Sometimes just when you think you have everything figured out for your child, life throws you a curve ball. That’s what happened to me.
My son was diagnosed with dyslexia in third grade. It was a huge revelation for our family.
Before the diagnosis, school had been awful for him. My son struggled with basic reading and writing, and his teachers had no clue about how to help or what to do. Each day, his frustrations boiled over, and he’d come home in tears, lashing out at me.
My son’s struggles in school didn’t just take a toll on him; they took a toll on me. I felt terrible for him. And I felt like maybe I had done something wrong as a parent.
I resolved to find some way to help him. I talked to anyone I could find who knew about reading issues, and I peppered them with questions. Slowly, I learned more and more about why my son was struggling and how I could help. Eventually, he was evaluated and diagnosed with dyslexia.
After the diagnosis, my son got an for his reading issues. He received supports and services like reading instruction. He started to do better in school, and feel better about himself. Things were looking up.
Then, in sixth grade, the school asked to re-evaluate our son. By law, he needed a re-evaluation every three years to continue his school services.
When I told my son about the re-evaluation, he was concerned. He thought the evaluator might tell him he didn’t have dyslexia anymore. The thought upset him because he was starting to feel positive about his dyslexia. He had come to believe he was smart and had something to offer, but just learned differently.
I reassured my son that dyslexia doesn’t go away. We spoke about how he was who he was, and how he now understood how he learned. None of that would change, I told him.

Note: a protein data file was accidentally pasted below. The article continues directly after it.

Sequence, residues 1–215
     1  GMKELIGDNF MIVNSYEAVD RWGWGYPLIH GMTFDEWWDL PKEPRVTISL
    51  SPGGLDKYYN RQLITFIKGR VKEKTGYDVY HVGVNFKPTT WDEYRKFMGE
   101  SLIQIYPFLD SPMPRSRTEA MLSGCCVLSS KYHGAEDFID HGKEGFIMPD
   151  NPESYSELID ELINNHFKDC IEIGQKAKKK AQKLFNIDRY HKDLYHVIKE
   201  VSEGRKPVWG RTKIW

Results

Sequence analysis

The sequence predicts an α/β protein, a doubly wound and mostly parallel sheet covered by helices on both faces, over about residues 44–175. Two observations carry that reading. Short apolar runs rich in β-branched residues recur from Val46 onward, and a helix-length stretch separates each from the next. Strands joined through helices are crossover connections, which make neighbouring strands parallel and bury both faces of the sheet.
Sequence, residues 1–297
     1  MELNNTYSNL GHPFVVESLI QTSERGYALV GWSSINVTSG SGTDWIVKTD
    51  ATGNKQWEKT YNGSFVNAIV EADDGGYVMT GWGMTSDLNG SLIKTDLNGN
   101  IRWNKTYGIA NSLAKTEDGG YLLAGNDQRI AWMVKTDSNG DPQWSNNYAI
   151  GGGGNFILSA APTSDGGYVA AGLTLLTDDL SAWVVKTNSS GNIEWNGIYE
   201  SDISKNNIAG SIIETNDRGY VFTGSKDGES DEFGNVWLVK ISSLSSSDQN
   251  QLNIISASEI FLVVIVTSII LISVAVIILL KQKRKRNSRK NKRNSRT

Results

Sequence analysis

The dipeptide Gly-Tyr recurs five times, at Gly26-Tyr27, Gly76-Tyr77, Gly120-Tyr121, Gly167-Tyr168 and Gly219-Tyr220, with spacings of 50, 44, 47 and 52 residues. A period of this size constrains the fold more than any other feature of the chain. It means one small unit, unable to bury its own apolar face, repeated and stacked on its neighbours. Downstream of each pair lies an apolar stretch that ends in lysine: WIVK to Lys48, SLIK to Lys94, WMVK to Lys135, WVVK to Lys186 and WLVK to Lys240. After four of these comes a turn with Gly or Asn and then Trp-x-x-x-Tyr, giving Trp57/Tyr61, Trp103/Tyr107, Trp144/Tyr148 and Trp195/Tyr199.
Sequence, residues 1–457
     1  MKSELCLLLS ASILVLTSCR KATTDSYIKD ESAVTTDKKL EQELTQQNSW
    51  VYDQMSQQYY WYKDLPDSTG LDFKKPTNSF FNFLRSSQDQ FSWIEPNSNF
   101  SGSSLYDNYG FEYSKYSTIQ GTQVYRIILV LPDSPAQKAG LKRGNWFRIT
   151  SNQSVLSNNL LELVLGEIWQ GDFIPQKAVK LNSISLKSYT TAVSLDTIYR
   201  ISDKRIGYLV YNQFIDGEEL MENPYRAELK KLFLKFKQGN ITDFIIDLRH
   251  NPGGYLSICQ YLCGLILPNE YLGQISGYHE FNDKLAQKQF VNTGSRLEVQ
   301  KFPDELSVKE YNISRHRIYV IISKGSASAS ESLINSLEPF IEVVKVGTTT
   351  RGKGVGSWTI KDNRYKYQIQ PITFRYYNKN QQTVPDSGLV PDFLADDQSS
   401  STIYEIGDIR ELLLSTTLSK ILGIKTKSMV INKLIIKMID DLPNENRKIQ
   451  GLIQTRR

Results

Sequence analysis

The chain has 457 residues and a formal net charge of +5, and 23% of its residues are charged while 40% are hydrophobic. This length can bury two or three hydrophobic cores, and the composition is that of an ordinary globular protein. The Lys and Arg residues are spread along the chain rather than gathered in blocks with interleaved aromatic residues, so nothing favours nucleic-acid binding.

What I didn’t realize was that the school wanted to do a “full” re-evaluation. It wouldn’t just look at reading issues, but at all my son’s learning needs.
During the re-evaluation, the neuropsychologist assessed him for attention issues. In one test, there was an intricate shape my son had to recreate by drawing. Most kids who face this test start at one point on the outline of the shape, then work their way through it. But my son was all over the place. He couldn’t figure out where to start drawing and ultimately didn’t finish the shape.
After the re-evaluation, I visited the neuropsychologist to get the results. That’s when I was told my son has dyslexia, which I knew. But I was also told he has ADHD.
I walked out of the office shaking. As I got in the car, tears started streaming down my face. I cried. All the way home, I cried.
After everything my son had been through, I fretted, now there was something else for him to face. It was another challenge for him, on top of everything else.
At first, I didn’t mention anything to him about ADHD.
I didn’t want to let my negativity color his view of himself. I didn’t want him to pick up on my anxiety. Instead, I did the same thing I had done when I first faced his reading issues: I started talking to people about attention issues.
As I learned more and stepped back from my initial shock, his ADHD diagnosis made more and more sense to me. For instance, when my son came home from school, he never knew where to start his homework. When faced with more than one choice, he had trouble deciding what to do first, or in what order to do it. These were signs of his attention issues.
Finally, I decided to tell him about the ADHD diagnosis. But to my surprise, he didn’t seem bothered by it. Because of his dyslexia, he already knew he learned differently. For him, the diagnosis seemed to help him understand more about himself. Now it was just a matter of figuring out what could help him manage this new challenge.
For instance, with homework, we sat down every day and talked through each assignment he needed to do and when each was due. It sounds simple, but it made a huge difference for him. Just as with his dyslexia, we found out what worked for his ADHD.
Today, my son is probably one of the most organized people you will meet. In fact, he’s way more organized than his friends who don’t have learning and thinking differences. Perhaps that’s because he has to be.
In hindsight, even though I cried that day, I’m grateful for finding out that he has ADHD. If we hadn’t known, we wouldn’t have been able to help. The knowledge has turned out to be a great blessing.
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About the author
Suzanne Lang is the parent and partner advisor for Understood at the Poses Family Foundation.